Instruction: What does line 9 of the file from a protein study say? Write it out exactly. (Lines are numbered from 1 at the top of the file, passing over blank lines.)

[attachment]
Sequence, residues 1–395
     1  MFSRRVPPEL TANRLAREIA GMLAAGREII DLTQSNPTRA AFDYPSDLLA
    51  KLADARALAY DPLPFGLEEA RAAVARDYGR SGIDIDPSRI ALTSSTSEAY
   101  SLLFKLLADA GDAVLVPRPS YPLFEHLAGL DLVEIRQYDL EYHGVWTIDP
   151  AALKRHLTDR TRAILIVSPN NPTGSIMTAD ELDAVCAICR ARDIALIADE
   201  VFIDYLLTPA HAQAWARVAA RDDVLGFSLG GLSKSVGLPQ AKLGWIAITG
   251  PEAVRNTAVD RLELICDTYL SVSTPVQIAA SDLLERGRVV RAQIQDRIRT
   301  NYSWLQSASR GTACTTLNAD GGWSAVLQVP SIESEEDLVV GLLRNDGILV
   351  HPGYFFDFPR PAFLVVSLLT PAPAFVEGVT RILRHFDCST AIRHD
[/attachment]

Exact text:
   351  HPGYFFDFPR PAFLVVSLLT PAPAFVEGVT RILRHFDCST AIRHD